Sending messages over the Internet is a surprisingly complex undertaking. In addition to the simple SMTP transaction, hostnames need to be looked up with DNS, your address needs to be looked up by the receiving site, and your site can be probed with ident. In this section, we explore ways that you can improve performance over the network.
Avoid spam behavior. If you try to send too many messages to a single site too quickly, that site can artificially slow you down.
Use a well-exercised name server. MX records timeout and need to be looked up periodically. A busy name server will keep them fresh, whereas a special bulk-email sending name server will find that many records have timed out when it is asked to run.
Reverse lookups of your address must be swift. Every time you connect to another site to send email, that site looks up your address before accepting email.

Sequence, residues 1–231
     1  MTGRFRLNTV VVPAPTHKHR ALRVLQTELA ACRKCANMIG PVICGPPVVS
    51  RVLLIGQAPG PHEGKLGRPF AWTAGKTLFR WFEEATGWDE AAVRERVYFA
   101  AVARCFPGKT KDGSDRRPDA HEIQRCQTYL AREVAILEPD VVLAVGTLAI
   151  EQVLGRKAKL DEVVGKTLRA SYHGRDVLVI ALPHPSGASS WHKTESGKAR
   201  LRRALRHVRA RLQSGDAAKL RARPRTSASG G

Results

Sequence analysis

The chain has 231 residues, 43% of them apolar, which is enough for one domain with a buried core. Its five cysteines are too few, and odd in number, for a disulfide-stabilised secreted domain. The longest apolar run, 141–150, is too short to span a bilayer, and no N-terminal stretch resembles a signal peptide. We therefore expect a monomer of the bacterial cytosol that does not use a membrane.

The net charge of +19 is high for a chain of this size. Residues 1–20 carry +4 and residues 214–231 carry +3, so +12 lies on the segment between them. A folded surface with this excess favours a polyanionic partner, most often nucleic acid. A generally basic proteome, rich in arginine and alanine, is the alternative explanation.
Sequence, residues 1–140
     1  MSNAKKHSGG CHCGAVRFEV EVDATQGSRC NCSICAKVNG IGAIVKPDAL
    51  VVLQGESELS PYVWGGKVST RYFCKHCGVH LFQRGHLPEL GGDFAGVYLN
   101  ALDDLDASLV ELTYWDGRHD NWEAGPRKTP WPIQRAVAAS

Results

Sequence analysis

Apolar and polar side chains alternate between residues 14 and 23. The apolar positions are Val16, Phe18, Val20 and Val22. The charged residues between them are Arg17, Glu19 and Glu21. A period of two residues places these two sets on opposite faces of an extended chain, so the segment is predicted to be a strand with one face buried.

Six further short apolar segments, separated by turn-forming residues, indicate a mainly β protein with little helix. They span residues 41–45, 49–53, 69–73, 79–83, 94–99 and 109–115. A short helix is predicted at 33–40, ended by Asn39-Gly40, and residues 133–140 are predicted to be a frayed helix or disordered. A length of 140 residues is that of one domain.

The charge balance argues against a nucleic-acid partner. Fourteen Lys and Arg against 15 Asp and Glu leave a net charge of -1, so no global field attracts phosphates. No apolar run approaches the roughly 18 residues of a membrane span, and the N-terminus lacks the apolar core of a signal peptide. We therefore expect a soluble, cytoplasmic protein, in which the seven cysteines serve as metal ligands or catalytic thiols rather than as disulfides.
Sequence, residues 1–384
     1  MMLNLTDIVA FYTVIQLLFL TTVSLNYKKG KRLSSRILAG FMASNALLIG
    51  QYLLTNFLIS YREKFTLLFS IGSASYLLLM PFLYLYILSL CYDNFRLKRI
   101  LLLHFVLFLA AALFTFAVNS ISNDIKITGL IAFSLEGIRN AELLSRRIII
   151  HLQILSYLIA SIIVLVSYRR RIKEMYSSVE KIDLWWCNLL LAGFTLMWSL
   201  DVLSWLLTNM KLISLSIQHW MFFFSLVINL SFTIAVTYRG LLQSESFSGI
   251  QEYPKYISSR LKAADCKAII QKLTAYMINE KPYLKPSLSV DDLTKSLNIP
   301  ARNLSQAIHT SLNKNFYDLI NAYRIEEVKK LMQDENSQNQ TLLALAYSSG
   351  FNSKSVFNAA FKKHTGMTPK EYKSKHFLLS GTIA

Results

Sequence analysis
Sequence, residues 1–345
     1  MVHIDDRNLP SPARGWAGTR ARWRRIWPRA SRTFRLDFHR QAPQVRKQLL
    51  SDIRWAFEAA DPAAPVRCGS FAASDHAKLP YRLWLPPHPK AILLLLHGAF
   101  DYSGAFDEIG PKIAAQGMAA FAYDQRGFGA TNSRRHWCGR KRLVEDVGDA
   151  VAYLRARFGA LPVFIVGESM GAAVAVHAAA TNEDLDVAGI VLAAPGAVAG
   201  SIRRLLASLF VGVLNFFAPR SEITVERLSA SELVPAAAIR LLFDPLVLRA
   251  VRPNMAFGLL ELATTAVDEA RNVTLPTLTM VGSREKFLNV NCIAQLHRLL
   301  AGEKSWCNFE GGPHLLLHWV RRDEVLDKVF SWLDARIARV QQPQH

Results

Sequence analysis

Don’t let the identd(8) port hang. Many sites will use the ident protocol to see who at your site is sending the email. If you want to prevent that lookup, do so by rejecting the connection, instead of letting the connection hang.
You are limited by the smallest piece of the pipe. Installing a gigabit network in-house will not speed outbound email if you are connected to the Internet with DSL.
The sendmail program is written to send email in a fast but well-behaved manner. For example, sendmail will try, whenever possible, to send all messages to a single site sequentially, reusing ...